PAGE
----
If we are asked which feature we'd like improved on current smartphones, apart from the obvious contender battery life, we'd answer screen brightness. Average pixel density we can live with, but the brighter the display the less annoying its outdoor usage, especially if you have that old yellow star shining directly on your phone's screen while you are trying to quickly look up a contact, or check a website.
The Nokia 701 manages to cram in the brightest screen on a mobile phone to date, which, with its 1000 official nits, is almost 50% easier to see outside than the LG Optimus Black, for example, with its 700 nits, or the previous champion Nokia E6 with its 900 nits. The E6 excels in pixel density, though, with its Retina Display-like 325ppi.
Now let's cut to the chase and examine this sweet 3.5” LED-backlit IPS-LCD display on the Nokia 701, with 360x640 pixels and the ClearBlack technology, which manages to shine like a crazy diamond with 1000 nits of brightness. In short, having a stronger backlight, or whatever other trick the screen manufacturer is using to make the display brighter, is great outside. Compared to some other phones we put it next to in the sunshine outdoors, it was way more visible at full throttle.
To put things in perspective, we compared the Nokia 701 outside with the Apple iPhone 4, which can hit peak brightness of about 600 nits, not shabby at all, and the Samsung Galaxy S II, which goes up to around 400 nits. Nokia says that due to the ambient light sensor the effect on battery life is minimal, as you won't always have the screen at peak brightness, but it's good to have a luminous display when you need it, and we tend to agree. Our unscientific test showed that running an HD movie at full brightness claimed about 30% more juice out of the battery than at average luminousity, but that can be said for most other smartphones as well.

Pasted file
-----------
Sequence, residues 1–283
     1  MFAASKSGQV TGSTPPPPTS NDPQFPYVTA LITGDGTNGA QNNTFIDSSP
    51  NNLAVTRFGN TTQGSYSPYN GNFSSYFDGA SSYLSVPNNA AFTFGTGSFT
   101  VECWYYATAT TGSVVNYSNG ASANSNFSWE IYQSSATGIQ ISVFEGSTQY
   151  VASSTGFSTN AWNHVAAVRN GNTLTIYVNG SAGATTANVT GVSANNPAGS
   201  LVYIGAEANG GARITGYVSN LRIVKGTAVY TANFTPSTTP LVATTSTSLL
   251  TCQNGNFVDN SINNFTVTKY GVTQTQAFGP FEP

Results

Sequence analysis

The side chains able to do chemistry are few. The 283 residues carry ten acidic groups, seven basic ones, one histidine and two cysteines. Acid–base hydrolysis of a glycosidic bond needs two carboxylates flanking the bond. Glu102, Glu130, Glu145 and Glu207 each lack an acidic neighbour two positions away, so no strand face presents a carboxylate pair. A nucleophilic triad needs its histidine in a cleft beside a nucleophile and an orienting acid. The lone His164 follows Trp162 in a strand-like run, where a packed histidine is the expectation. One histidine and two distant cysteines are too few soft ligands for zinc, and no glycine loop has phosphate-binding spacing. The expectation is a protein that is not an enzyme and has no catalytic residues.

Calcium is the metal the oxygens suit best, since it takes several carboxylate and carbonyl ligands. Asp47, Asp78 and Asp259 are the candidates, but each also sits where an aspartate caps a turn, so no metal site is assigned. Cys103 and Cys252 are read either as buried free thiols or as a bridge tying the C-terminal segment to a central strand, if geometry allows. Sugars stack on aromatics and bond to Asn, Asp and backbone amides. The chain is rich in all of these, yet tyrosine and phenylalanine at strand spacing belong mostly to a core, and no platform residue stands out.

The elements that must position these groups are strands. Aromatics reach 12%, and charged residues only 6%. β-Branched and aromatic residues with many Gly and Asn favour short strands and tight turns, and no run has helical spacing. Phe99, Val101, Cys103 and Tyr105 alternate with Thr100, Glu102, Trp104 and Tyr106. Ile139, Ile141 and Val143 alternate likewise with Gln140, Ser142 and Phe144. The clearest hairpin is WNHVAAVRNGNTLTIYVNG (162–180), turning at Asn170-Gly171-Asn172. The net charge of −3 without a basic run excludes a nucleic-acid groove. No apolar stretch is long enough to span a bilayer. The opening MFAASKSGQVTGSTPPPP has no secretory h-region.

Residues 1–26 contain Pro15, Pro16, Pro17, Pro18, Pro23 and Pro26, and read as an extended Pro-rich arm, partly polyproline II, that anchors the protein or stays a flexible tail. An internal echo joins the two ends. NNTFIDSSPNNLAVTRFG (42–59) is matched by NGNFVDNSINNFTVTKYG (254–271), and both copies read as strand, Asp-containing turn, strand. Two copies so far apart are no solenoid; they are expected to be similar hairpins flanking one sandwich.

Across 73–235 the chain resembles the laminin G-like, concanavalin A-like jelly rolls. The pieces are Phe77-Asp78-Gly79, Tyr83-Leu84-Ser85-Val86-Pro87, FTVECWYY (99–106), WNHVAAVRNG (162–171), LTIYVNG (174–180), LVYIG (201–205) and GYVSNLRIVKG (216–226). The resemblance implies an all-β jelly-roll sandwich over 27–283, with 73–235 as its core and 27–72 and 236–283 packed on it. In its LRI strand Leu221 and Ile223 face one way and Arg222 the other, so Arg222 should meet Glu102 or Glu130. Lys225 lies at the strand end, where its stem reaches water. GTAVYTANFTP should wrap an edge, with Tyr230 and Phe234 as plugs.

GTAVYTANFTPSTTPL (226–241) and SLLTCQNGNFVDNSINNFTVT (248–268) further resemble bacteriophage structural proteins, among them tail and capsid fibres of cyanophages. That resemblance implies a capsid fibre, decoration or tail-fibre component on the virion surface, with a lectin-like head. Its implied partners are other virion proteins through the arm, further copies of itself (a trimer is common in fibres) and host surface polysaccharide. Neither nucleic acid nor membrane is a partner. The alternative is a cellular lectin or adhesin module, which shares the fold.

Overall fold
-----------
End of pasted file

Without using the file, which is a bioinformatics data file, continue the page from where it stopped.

As you can see on our improvised outdoor setup, comparing the Nokia 701 1000 nits to the iPhone 4 and Galaxy S II at maximum brightness, the difference in visibility is discernible even on pictures and video, which sport some reflections from clouds passing by, and in reality it is even more visible. The worst performer was the screen on the Galaxy S II, which is saved only by its very low reflectance ratio outside. It's not necessarily a feature inherent for the AMOLED tech, since the Nokia X7 hits about 700 nits, for example, although the lack of backlighting with OLED displays probably plays a role somewhat.
What do you think, is increased brightness on your wishlist for the next generation of mobile displays, after we get past the resolution craze?